The Graham Foundation recently announced their upcoming exhibition, Environments and Counter Environments. “Italy: The New Domestic Landscape,” MoMA 1972, which opens to the public on September 18th with a short talk by curators Peter Lang, Luca Molinari, and Mark Wasiuta followed by a reception. This exhibition highlights the lasting significance of MoMA’s groundbreaking 1972 exhibition, Italy: The New Domestic Landscape. Presented for the first time in the United States outside of New York, the Graham Foundation’s iteration of Environments and Counter Environments highlights both the dynamic context of radical Italian design and architecture in the 1970s, as well as the innovative exhibition that first presented this work in America. The exhibition will be on view until December 14th. More information provided by The Graham Foundation after the break.
Spirit of Space has shared with us their most recent collaboration with Phil Enquist of Skidmore, Owings & Merrill: Art in the City. Pairing powerful quotes with imagery from the Chicago’s most prominent works, the film “expresses the vitality and vibrance that public art can bring to the urban environment by experientially including the viewer in the making of place.” As Spirit of Space describes, “The art is a reflection of the City, the art becomes a part of the City, the art is instrumental in making the City.”
Featured works include Picasso’s sculpture for Daley Plaza, along with Anish Kapoor’s Cloud Gate and Jaume Plensa’s Crown Fountain in Millennium Park.
Three cutting edge designs were just selected as the winners of the 2013 Burnham Prize competition, organized by the Chicago Architectural Club and Chicago Architecture Foundation, in partnership with the Chicago Department of Transportation, the Chicago Transit Authority, and the Chicago Bus Rapid Transit Steering Committee. Titled, ‘NEXT STOP: Designing Chicago BRT Stations,’ the competition asked participants to integrate innovative and compelling transportation design into Chicago’s urban fabric. Awarded the first prize was the ’Form vs. Uniform: Generative Chicago BRT Stations’ proposal by designers Hesam T. Rostami and Bahareh Atash. More images and information on the winning entries after the break.
Change—both collectively as a profession and individually as architects—is essential in three critical areas: culture, community, and commitment. Architects have the power to influence a broader societal culture that appreciates architecture and understands the value of an architect. Reflecting the Institute’s repositioning to serve the needs of our diverse membership, education content is to be relevant and emphasize practical application to support the needs of all members of the profession, particularly our emerging professionals and small firm owners in the areas of leadership, management, project delivery, and technology.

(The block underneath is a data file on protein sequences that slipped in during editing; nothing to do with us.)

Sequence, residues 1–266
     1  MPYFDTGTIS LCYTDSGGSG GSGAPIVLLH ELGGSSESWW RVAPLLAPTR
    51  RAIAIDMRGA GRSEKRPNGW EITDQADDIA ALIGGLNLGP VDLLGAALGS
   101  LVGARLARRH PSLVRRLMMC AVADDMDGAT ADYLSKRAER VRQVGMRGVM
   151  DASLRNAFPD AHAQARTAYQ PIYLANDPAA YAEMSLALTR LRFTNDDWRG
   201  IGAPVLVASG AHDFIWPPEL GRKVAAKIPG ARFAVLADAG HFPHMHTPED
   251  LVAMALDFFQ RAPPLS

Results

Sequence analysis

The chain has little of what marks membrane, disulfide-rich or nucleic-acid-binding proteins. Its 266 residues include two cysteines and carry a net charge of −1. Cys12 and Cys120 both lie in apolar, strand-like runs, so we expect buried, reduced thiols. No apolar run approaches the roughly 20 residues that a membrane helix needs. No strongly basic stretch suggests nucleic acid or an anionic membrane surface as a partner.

With that being said, the AIA is inviting articulate subject matter experts who can engage and connect with the design community in support of the Institute’s repositioning to submit a proposal for an educational program at the AIA National Convention in Chicago. The convention will take place June 26-28, 2014 in Chicago. The Call for Submissions are due July 1. For more information, please visit here.
The Chicago Architectural Club and Chicago Architecture Foundation, in partnership with the Chicago Department of Transportation, the Chicago Transit Authority, and the Chicago Bus Rapid Transit Steering Committee, recently launched the 2013 Burnham Prize Competition: NEXT STOP: Designing Chicago BRT Stations. Intended to catalyze iconic, sustainable, and functional design for representative corridors in Chicago’s planned Bus Rapid Transit (BRT) system, they are seeking entries that integrate innovative and compelling transportation design into Chicago’s urban fabric. Each design team must submit designs for three different prototype sites and demonstrate how BRT station design can be adapted to each context. Submissions are due by May 13. For more information, please visit here.
In an effort to generate innovative ideas for the re-use of one of the most important building sites in Detroit’s redeveloping downtown, Rock Ventures LLC has collaborated with Opportunity Detroit to launch the open ideas competition Redesigning Detroit: A New Vision for an Iconic Site. Entrants are challenged to create compelling visions for a new urban development on the famous 92,421 square foot Hudson’s site that would play a significant role in the regeneration of downtown Detroit.
Submissions should consider the significant history of the site, its physical and cultural context, and its potential for the future. Successful proposals will demonstrate optimism about revitalizing Detroit, with great architecture providing a positive, catalytic impact on the community. The deadline for submissions is April 30. More information here.